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Re: [Bug-gnubg] An old bug and possible neural nets input change

From: Ian Shaw
Subject: Re: [Bug-gnubg] An old bug and possible neural nets input change
Date: Wed, 5 Jun 2019 13:50:14 +0000

I think the best description of Piploss is in the original Berliner Paper.





n  Ian


From: Bug-gnubg [mailto:bug-gnubg-bounces+address@hidden On Behalf Of Øystein Schønning-Johansen
Sent: 05 June 2019 11:34
To: Philippe Michel <address@hidden>; address@hidden; address@hidden
Subject: Re: [Bug-gnubg] An old bug and possible neural nets input change


Sorry the late answer, Philippe!


This is a really interesting find. I totally agree with you. The code that calculates PIPLOSS is really unreadable and un-maintainable. Some years ago I wrote a structure to hold the board state, and I then also had to adapt the input calculation to this new board data structure. I stared at this code for a long long time, but I gave up. It was too complex. For PIPLOSS, P1 and P2 (and TIMING) I more or less left the code without the potential speedups the board data structure could give me. However, I did not see this "bug". And indeed, as you say, this is by far the most expensive neural net input to calculate. 


However, it is slow to calculate, but it seems like it is also one of the most important inputs. I did a boruta feature importance analysis of the 50 handcrafted inputs, and at the absolute top spot of feature importance PIPLOSS shines out.


So... I think maybe we have to keep the input, but maybe we can recalc it the correct value, and then retrain. Further improvements to the neural networks should include some feature engineering. I think there is some potential.


Thanks for the interesting find!







On Wed, May 15, 2019 at 7:16 PM Philippe Michel <address@hidden> wrote:

One of gnubg's inputs is the following quantity :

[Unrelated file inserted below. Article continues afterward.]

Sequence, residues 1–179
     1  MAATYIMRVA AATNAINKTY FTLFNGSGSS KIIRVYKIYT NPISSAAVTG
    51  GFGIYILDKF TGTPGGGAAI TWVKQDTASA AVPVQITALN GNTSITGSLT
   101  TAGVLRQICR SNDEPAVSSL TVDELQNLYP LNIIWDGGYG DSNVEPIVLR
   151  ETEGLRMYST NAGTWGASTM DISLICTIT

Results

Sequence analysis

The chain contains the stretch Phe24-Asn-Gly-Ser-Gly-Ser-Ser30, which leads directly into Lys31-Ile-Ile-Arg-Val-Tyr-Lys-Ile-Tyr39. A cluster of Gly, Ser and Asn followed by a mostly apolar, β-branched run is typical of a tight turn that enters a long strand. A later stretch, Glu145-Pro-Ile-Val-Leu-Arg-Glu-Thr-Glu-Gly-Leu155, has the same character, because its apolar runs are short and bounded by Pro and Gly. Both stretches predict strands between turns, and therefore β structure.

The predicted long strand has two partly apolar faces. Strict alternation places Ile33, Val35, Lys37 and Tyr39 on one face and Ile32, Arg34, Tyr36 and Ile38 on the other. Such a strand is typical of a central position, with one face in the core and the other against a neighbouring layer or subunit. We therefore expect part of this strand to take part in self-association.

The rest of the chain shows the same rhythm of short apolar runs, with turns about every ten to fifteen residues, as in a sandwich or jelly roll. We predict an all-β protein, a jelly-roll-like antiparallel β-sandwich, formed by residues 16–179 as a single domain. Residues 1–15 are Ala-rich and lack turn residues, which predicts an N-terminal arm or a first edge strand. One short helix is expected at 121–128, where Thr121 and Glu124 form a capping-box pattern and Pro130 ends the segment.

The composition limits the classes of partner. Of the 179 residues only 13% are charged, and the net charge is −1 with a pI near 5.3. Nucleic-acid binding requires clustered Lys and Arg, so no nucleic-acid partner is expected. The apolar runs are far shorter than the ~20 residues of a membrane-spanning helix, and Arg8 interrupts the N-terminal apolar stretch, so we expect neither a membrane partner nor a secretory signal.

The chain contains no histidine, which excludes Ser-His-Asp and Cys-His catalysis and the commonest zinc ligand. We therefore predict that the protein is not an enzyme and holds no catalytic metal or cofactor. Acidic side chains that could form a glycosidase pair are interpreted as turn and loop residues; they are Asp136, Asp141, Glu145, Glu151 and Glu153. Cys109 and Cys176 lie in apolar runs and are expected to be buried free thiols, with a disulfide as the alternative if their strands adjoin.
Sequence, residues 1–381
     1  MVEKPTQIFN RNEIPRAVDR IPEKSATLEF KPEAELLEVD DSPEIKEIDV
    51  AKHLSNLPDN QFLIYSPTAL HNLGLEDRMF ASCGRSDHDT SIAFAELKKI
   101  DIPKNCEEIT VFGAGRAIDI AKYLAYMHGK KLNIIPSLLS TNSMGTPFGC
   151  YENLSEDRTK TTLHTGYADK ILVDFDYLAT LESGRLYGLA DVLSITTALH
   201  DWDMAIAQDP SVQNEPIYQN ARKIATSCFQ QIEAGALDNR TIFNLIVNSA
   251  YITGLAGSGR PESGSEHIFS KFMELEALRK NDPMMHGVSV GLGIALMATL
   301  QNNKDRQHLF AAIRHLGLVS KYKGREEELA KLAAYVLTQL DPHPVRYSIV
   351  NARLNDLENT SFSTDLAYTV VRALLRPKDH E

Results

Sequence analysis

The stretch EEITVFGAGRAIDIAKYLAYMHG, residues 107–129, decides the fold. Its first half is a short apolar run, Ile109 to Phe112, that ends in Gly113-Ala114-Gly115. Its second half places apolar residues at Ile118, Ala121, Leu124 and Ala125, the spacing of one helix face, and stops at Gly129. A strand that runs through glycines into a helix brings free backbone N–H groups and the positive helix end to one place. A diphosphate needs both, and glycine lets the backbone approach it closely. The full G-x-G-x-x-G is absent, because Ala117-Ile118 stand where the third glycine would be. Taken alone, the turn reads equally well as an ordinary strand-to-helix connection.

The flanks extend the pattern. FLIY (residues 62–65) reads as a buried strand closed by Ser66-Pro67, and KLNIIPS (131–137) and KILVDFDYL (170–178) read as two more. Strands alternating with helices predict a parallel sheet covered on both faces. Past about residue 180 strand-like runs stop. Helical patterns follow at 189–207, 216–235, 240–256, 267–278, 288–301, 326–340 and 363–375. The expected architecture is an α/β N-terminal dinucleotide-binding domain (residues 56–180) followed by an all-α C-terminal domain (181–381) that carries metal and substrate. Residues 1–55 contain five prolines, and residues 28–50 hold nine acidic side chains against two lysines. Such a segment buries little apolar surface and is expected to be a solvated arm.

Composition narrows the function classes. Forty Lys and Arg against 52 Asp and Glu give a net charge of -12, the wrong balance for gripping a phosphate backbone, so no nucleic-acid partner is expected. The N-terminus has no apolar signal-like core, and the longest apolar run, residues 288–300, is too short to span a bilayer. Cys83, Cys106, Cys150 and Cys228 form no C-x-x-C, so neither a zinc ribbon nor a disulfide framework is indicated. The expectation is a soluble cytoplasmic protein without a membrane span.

/* Average number of pips opponent loses from hits.
     * Some heuristics are required to estimate it, since we have no idea what
     * the best move actually is.
     * 1. If board is weak (less than 3 anchors), don't consider hitting on
     * points 22 and 23.
     * 2. Don't break anchors inside home to hit.

The wording is a bit strange (are the comment and the definition from
some old article by Berliner or something like that ?) It is points
that are meant, not anchors, and the numbering is from gnubg's internal
representation and the deep points above are the usual 23 and 24

Anyway, the heuristics seem reasonable, but the code a bit later is :

    /* Piploss */

    nBoard = 0;
    for (i = 0; i < 6; i++)
        if (anBoard[i])


    /* for every point we'd consider hitting a blot on, */

    for (i = (nBoard > 2) ? 23 : 21; i >= 0; i--)

nBoard is not the number of made points, it counts the merely slotted
ones as well... And it has been the case since gnubg's source are
under the current source control system, for at least 19 years...

Even if the error looks gross, this is not too bad in practice :
- the error is present in both gnubg and the training tool so the
  weird resulting heuristic is used consistently
- the number of pips involved is only 1 or 2 when outfield blots count
  for ten times that
- the patterns where the condition leads to a difference are
  uncommon except (2 points + 1 slot)

Still, using "if( anBoard[i] >= 2) nBoard++;", implementing the
heuristics as described and retraining the contact network a little
seem to bring a small improvement as measured by the training tool's

On the other hand, this input is the most expensive one to compute by
far ; more than all the other combined. On my computer, skipping it
raises the calibration result for one thread from 130k pos/s to 250k.

Its coding is rather complicated. It could probably be improved somewhat
but, since some retraining of the contact and crashed networks would be
needed anyway, it may be more promising to use instead one or a few
other similar metrics if they were much faster to compute.

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